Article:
On August 12, 2021, Oscar Health disclosed that the Company’s Medical Loss Ratio (“MLR”) for the second quarter of 2021 was 82.4%, an increase of 2170 basis points year-over year. The Company claimed that “[t]he MLR increased to 82.4% in 2Q21 from 60.7% in 2Q20, primarily driven by meaningfully lower utilization in 2Q20 as a result of COVID-19, as well as higher COVID-19 testing and treatment costs and a return to more normalized utilization in 2Q21.” The Company also disclosed that its net loss for the quarter was $73.1 million, an increase of $32.1 million year-over-year.
Then, on November 10, 2021, Oscar Health disclosed that its third quarter 2021 MLR increased 920 basis points year-over-year, to 99.7%. The Company claimed that the MLR increase was “primarily driven by higher net COVID costs as compared to the net benefit in 3Q20, an unfavorable prior year Risk Adjustment Data Validation (RADV) result, and the impact of significant SEP membership growth.” The Company also disclosed that its net loss for the quarter was $212.7 million, an increase of $133.6 million year-over-year.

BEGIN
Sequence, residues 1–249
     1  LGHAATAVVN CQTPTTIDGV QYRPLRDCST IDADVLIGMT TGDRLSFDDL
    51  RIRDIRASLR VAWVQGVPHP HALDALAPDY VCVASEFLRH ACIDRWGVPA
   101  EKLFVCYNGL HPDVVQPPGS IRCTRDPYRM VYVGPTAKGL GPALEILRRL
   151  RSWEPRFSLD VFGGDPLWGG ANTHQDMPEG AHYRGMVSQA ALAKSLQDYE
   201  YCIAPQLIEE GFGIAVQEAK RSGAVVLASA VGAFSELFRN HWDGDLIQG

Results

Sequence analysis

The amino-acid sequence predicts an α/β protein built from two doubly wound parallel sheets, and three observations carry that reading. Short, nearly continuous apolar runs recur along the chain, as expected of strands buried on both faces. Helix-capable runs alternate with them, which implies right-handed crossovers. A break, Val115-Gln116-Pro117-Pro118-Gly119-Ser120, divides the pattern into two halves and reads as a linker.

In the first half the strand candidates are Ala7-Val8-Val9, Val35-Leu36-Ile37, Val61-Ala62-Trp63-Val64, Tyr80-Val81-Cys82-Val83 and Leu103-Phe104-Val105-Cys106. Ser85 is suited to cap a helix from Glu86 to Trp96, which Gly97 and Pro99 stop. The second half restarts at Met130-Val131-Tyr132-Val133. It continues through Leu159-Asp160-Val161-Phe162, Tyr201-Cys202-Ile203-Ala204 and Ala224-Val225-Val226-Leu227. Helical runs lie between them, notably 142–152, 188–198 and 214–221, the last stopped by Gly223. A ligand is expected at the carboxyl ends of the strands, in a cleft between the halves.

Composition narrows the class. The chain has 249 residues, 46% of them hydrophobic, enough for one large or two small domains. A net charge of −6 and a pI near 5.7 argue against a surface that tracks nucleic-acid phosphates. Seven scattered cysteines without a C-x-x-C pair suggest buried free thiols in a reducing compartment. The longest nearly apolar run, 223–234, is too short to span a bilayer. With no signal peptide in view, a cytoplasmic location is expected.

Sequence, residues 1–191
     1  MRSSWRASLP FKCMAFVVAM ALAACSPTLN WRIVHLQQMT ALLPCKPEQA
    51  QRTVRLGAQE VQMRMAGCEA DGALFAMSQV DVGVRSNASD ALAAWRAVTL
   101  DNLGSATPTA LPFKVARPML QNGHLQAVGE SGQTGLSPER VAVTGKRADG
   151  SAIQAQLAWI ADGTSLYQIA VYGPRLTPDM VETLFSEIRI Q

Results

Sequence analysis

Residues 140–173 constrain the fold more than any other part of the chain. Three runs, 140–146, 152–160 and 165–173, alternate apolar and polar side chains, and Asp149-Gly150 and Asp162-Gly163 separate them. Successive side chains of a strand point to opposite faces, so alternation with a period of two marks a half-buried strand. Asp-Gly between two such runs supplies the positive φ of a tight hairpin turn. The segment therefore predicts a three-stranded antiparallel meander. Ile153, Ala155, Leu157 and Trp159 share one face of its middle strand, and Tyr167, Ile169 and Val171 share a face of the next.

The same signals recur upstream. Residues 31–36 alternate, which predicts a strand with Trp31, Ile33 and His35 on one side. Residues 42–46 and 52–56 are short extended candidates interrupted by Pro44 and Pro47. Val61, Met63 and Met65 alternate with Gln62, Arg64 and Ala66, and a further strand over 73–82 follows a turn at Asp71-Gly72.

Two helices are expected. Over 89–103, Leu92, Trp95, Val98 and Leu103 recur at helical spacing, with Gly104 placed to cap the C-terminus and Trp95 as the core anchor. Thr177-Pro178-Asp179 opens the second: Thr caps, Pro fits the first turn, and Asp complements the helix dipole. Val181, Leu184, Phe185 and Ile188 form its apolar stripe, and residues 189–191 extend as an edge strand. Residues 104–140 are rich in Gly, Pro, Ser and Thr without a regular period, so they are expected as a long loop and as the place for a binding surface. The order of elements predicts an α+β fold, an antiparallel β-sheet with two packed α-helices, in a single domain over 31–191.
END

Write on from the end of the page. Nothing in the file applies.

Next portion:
During a conference call held the same day, Scott Blackley, the Company’s Chief Financial Officer, stated: “We recognized approximately $20 million of risk adjustment expense this quarter related to our risk adjustment data validation audit or RADV results. The RADV exercise is atypical this year due to COVID. It spans two years, 2019 and 2020. The majority of the RADV headwinds relate to the 2019 audit results, which were recently completed.”